A new initiative dedicated to capturing and disseminating the untold stories of Jews who fled Poland in the late 1960s following a wave of antisemitic purges was officially launched today.
The Forgotten Exodus project is committed to gathering testimonies from victims, many of whom are Holocaust survivors, to document their experiences and ensure their history is not erased.
Its mission is to shed light on the then Polish Communist government’s antisemitic campaign in 1968, a significant yet largely unknown chapter in modern European history.
Commemorating its 55th anniversary in 2023, it marks the deeply dark time when up to 20,000 of the remaining post-Shoah Jewish population of around 30,000 were stripped of their citizenship, forced out of their jobs, and driven out of Poland.
Student protests against censorship by the regime had led to a political crisis, exacerbated by the Six-Day War between Israel and its Arab neighbours in 1967; by the following year, Poland’s government declared Jews enemies of the state.
It is estimated that more than half of it’s already utterly decimated Jewish community (the Nazis murdered 90% of Poland’s Jewish population of 3.5 million) were forced into exile.
The Forgotten Exodus aims to leverage historical narratives as an instrument to combat hatred, totalitarianism, and antisemitism in modern society.
Daniel Korski, entrepreneur, vice-president of the Jewish Leadership Council, and Dr Daniel Schatz, co-founded The Forgotten Exodus to shed light on a chapter of history often overlooked.
The project will provide a platform for the victims and their families to share firsthand accounts, ensuring that their stories are preserved for future generations.
Sharing his commitment to recording these crucial testimonies, Korski said: “Forgotten Exodus is an essential effort to commemorate the experiences of those who were expelled from their homes, seeking refuge due to antisemitism. By gathering and documenting their stories, we aim to spotlight this overlooked historical period, fostering comprehension and compassion in today’s world.”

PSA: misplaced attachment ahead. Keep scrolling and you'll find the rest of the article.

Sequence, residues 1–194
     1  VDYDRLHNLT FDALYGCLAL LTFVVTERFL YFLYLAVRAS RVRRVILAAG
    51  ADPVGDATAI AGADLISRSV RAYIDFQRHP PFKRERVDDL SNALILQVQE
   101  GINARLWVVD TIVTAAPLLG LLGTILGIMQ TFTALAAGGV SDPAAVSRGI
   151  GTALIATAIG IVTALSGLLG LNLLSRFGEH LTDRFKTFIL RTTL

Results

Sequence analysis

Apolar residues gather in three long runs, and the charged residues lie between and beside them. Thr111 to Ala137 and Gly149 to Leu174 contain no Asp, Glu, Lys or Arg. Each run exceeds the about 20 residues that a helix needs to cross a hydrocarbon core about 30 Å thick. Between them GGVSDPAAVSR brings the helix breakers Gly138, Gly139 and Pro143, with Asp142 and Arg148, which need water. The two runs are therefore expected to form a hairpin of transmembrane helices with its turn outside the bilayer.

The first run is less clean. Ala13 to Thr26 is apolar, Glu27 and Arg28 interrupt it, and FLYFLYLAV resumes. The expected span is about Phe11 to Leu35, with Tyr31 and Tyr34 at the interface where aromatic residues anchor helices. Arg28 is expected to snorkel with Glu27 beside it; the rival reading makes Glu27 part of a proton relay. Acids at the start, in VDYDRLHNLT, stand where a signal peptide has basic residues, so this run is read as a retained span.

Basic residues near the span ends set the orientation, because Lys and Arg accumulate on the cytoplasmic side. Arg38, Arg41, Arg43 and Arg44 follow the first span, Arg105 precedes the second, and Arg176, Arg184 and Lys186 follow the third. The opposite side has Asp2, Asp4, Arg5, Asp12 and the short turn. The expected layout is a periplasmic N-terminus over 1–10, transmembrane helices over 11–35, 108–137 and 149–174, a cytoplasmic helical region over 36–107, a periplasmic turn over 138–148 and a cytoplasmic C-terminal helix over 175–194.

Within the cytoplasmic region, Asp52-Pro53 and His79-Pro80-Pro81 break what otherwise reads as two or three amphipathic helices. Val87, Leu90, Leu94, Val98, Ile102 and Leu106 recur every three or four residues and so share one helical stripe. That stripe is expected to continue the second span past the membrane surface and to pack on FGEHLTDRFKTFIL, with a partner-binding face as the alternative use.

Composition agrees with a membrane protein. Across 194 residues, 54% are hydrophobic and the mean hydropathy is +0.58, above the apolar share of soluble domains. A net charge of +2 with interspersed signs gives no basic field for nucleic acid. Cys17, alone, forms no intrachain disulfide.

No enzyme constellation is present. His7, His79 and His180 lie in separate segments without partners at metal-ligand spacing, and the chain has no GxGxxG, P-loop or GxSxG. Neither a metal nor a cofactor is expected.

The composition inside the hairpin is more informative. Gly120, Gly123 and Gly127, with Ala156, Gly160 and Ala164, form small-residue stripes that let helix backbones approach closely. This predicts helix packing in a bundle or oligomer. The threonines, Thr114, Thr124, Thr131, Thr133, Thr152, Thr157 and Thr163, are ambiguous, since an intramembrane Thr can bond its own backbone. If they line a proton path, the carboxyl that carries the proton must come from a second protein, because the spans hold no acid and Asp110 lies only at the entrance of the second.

Dr. Daniel Schatz, fellow co-director of the project, emphasised the importance of utilising these testimonies as catalysts for societal transformation:
“We aim to do more than just preserve history; our goal is to encourage action against contemporary hatred and antisemitism. By sharing personal narratives, we aspire to galvanise individuals and communities to stand up against anti-democratic trends, promoting tolerance and universal principles as the rule of law, liberal democracy and human rights in any society.”
Forgotten Exodus will engage various forms of media, including video interviews, written narratives, and archival materials, to create a comprehensive historical record.
The gathered testimonies will be meticulously curated and made publicly accessible through an online platform and exhibitions, ensuring that the lessons from the past can be learned and applied in the present.
Forgotten Exodus will partner with academic institutions, museums, and organisations championing human rights and combatting antisemitism. The project encourages victims, their families, and individuals interested in contributing to the project to share their stories. Their participation will be instrumental in preserving history and sparking positive change.
For further information visit: http://forgottenexodus.org
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